Review: Hormone replacement therapy may reduce the risk for death in younger but not older postmenopausal womenPDF
ACP J Club. 2005 Jan-Feb;142:1. doi:10.7326/ACPJC-2005-142-1-001
Clinical Impact Ratings
Salpeter SR, Walsh JM, Greyber E, Ormiston T, Salpeter EE. Mortality associated with hormone replacement therapy in younger and older women: a meta-analysis. J Gen Intern Med. 2004;19:791-804. [PubMed ID: 15209595]
Does hormone replacement therapy (HRT) affect the risk for death differently in younger and older postmenopausal women?
Data sources: Searching MEDLINE, EMBASE/Excerpta Medica, CINAHL, and Cochrane databases (1966 to September 2002); scanning selected journals through April 2003; and reviewing bibliographies of identified studies.
Study selection and assessment: Randomized controlled trials (RCTs) that compared HRT with a control intervention (placebo, no treatment, or calcium supplementation), were > 6 months in duration, and reported ≥ 1 death. Study quality was assessed for method of randomization, allocation concealment, blinding, description of withdrawals and dropouts, and intention-to-treat analysis. Studies received a quality criteria score of A (all criteria met), B (≥ 1 criteria met), or C (0 criteria met).
Outcomes: Total death, cardiovascular (CV) death, cancer death, and death from other causes. Trials were divided into those with mean age at baseline < 60 or > 60 years.
30 RCTs (n = 26 708; age range 36 to 87 y) met the inclusion criteria. The quality scores were A, 13 RCTs; B, 10 RCTs; and C, 7 RCTs. The interventions studied were transdermal or oral estrogens alone or in combination with a progestin. Through use of a random-effects model, meta-analysis of the 30 RCTs that included all age groups indicated that HRT and control groups did not differ for total mortality (Table), CV death (odds ratio [OR] 1.10, 95% CI 0.90 to 1.34), or cancer death (OR 1.03, CI 0.23 to 1.29). HRT reduced deaths from other causes (OR 0.67, CI 0.51 to 0.88). Of the 17 RCTs that included the younger age group (mean age 54 y), fewer patients who received HRT died than did those who received control (Table). These groups did not differ for CV death (OR 0.68, CI 0.22 to 2.15), cancer death (OR 0.69, CI 0.59 to 1.08), or death from other causes (OR 0.44, CI 0.17 to 1.13). Of the 13 RCTs that included the older age group (mean age 66 y), HRT and control groups did not differ for total mortality (Table), CV death (OR 1.11, CI 0.91 to 1.36), or cancer death (OR 1.07, CI 0.84 to 1.37). HRT in this age group reduced death from other causes (OR 0.68, CI 0.56 to 0.91).
Hormone replacement therapy may reduce the risk for mortality in younger, but not in older, postmenopausal women. For all age groups combined, HRT does not reduce the risk for total mortality, CV death, and cancer death, but reduces death from other causes.
Source of funding: No external funding.
For correspondence: Dr. S. Salpeter, Santa Clara Valley Medical Center, San Jose, CA, USA. E-mail firstname.lastname@example.org.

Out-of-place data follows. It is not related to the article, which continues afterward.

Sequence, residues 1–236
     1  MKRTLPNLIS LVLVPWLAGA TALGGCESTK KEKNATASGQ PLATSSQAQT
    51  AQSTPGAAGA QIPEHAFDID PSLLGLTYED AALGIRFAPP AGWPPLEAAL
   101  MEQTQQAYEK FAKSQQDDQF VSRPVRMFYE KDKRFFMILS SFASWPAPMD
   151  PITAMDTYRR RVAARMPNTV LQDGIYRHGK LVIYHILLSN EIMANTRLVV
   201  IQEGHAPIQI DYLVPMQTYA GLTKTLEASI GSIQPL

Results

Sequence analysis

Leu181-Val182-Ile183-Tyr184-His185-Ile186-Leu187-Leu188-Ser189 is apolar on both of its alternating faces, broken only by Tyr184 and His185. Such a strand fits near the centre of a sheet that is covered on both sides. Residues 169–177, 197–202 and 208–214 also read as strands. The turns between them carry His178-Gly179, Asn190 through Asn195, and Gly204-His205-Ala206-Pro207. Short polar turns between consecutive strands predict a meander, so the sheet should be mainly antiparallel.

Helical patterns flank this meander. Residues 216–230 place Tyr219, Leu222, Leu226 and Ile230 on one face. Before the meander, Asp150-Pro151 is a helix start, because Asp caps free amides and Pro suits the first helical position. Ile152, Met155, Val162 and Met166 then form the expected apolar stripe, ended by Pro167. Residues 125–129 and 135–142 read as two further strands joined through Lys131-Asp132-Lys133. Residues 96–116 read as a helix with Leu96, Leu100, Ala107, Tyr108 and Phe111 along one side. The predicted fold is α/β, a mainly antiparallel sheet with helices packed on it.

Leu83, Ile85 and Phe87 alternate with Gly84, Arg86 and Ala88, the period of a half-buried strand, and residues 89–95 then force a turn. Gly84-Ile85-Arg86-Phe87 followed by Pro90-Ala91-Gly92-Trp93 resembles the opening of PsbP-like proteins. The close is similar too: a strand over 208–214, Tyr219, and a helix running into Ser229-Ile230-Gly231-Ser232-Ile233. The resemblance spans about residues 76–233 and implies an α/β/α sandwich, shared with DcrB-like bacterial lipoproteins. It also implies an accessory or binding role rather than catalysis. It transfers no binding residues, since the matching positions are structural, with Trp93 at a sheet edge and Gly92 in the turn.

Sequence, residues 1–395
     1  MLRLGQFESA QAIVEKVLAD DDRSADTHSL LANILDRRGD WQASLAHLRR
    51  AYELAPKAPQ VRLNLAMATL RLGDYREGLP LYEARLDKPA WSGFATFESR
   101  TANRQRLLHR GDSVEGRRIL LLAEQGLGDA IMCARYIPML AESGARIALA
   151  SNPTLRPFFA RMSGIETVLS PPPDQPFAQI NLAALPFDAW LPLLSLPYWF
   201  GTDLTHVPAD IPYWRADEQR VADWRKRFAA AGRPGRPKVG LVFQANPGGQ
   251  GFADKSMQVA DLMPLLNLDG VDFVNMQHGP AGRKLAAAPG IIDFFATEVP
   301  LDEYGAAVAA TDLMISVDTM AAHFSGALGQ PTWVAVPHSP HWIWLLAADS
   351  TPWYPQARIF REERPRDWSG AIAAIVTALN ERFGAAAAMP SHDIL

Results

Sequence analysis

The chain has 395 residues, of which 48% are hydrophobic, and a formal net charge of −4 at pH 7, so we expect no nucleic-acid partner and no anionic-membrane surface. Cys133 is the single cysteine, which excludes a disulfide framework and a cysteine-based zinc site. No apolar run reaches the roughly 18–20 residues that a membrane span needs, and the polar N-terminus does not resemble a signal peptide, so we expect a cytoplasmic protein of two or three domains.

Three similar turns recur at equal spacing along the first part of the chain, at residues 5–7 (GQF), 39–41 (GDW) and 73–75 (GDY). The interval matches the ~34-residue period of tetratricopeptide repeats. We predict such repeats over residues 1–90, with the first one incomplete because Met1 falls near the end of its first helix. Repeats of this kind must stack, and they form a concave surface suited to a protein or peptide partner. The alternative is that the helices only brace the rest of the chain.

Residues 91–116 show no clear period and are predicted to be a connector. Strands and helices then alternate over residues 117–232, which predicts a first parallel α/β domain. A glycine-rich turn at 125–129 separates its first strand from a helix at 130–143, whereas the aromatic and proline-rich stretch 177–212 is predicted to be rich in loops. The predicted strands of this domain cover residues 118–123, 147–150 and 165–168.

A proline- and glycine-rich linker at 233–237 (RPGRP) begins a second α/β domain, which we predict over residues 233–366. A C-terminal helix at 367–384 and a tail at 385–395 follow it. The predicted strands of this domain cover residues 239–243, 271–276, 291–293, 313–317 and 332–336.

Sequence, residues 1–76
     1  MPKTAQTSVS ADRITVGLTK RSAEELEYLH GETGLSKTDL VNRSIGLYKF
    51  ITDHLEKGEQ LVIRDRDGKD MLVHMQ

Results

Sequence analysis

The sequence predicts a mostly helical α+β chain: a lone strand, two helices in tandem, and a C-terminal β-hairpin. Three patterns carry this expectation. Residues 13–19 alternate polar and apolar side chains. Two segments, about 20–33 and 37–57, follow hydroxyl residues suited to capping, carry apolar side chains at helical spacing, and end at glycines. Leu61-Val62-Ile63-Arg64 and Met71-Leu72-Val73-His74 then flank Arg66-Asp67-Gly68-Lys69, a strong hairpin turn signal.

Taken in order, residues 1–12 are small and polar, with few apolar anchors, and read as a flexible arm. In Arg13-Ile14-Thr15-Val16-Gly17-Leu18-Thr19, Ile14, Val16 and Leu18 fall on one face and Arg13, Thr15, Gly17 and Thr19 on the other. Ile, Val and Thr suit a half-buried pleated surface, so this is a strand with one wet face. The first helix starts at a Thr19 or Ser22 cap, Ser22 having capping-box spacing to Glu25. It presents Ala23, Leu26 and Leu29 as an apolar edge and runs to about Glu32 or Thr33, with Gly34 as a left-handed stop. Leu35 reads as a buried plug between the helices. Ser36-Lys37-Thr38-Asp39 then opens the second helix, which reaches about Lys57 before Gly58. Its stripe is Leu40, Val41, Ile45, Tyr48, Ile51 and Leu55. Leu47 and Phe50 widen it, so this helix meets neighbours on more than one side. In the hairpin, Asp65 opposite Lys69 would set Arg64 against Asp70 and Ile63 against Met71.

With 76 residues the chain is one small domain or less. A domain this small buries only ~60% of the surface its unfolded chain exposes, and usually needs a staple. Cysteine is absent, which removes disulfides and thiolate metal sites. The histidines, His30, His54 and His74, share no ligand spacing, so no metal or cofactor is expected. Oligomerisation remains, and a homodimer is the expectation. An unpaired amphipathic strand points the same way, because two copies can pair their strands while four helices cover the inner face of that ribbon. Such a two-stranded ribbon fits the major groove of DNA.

Table. Hormone replacement therapy (HRT) vs control (placebo, no HRT, or calcium supplements) for total mortality in postmenopausal women at mean 4.5 years*
|Age group||Number of trials (n)||Weighted event rates||Odds ratio (95% CI)||RRR (CI)||NNT (CI)|
|All ages||30 (26 708)||4.0%||4.0%||0.98 (0.87 to 1.12)||2% (−10 to 13)||Not significant|
|Younger||17 (4141)||2.7%||4.3%||0.61 (0.39 to 0.95)||38% (5 to 60)||61 (39 to 481)†|
|Older||13 (22 567)||4.0%||3.9%||1.03 (0.9 to 1.18)||3% (−9 to 17)||Not significant|
*Younger = mean age < 60 years; older = mean age > 60 years. Abbreviations
defined in Glossary; weighted event rates, RRR, RRI, NNT, NNH, and CI calculated from data in article
using a random-effects model.
†Calculated from data in article using odds ratios.
Believers in HRT had their hopes raised by the meta-analysis by Salpeter and colleagues claiming that HRT reduced total mortality in women < 60 years of age. However, a critical appraisal of this review dims these hopes. First, the definition of “young” was fuzzy: The actual age of individual women at entry into a trial was not used —age was instead based on the mean age of all participants in a given trial. A number of “younger” women were > 60 years of age, and a number of “older” women were < 60 years of age. Age was also related to the type of patient included in the trial. For example, women who had ovarian cancer were in the < 60 year-age group. Their trial-level approach to the analysis cannot separate the effects of age from the effects of other entry criteria.
A closer look at the mortality data raises additional questions. If HRT really reduces total mortality in younger women, what is the mechanism of action? The odds ratios for CV, cancer, and other deaths were 0.68, 0.69 and 0.44, respectively, which suggests an implausible global mortality benefit—one that was inexplicably pronounced for non-CV and non-cancer deaths. Moreover, the number of CV deaths was only 6. A global benefit is also difficult to reconcile biologically with a 39% benefit only in women < 60 years of age but a lack of benefit in women > 60 years of age. Finally, a benefit for a specific cause of death ought to be accompanied by a benefit, or at least a trend, for cause-specific morbidity. The literature offers no such support. The most likely explanation for this difference by age is a chance subgroup finding in a meta-analysis with low power.
In conclusion, the meta-analysis by Salpeter and colleagues has not provided any plausible evidence that should influence the current guidelines for use of HRT. The current indication is symptomatic relief only, at the lowest effective dose for the shortest time possible.
Curt D. Furberg, MD, PhD
Wake Forest University School of Medicine
Winston-Salem, North Carolina, USA
Bruce M. Psaty, MD, PhD
University of Washington
Seattle, Washington, USA